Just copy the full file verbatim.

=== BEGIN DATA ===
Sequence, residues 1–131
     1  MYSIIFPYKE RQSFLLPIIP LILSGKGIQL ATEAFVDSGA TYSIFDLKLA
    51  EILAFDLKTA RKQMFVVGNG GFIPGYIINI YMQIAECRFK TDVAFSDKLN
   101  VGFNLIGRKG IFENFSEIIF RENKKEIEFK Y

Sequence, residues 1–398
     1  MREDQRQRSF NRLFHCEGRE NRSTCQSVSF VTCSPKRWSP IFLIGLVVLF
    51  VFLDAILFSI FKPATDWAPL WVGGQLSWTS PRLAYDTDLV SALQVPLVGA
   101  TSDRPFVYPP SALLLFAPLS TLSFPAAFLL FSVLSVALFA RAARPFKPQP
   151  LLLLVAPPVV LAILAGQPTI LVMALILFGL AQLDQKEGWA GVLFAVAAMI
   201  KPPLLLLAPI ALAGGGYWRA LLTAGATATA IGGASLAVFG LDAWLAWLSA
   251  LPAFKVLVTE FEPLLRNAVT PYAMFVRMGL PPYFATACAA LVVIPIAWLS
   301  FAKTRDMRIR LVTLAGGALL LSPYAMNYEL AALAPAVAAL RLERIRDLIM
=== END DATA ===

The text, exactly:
Sequence, residues 1–131
     1  MYSIIFPYKE RQSFLLPIIP LILSGKGIQL ATEAFVDSGA TYSIFDLKLA
    51  EILAFDLKTA RKQMFVVGNG GFIPGYIINI YMQIAECRFK TDVAFSDKLN
   101  VGFNLIGRKG IFENFSEIIF RENKKEIEFK Y

Sequence, residues 1–398
     1  MREDQRQRSF NRLFHCEGRE NRSTCQSVSF VTCSPKRWSP IFLIGLVVLF
    51  VFLDAILFSI FKPATDWAPL WVGGQLSWTS PRLAYDTDLV SALQVPLVGA
   101  TSDRPFVYPP SALLLFAPLS TLSFPAAFLL FSVLSVALFA RAARPFKPQP
   151  LLLLVAPPVV LAILAGQPTI LVMALILFGL AQLDQKEGWA GVLFAVAAMI
   201  KPPLLLLAPI ALAGGGYWRA LLTAGATATA IGGASLAVFG LDAWLAWLSA
   251  LPAFKVLVTE FEPLLRNAVT PYAMFVRMGL PPYFATACAA LVVIPIAWLS
   301  FAKTRDMRIR LVTLAGGALL LSPYAMNYEL AALAPAVAAL RLERIRDLIM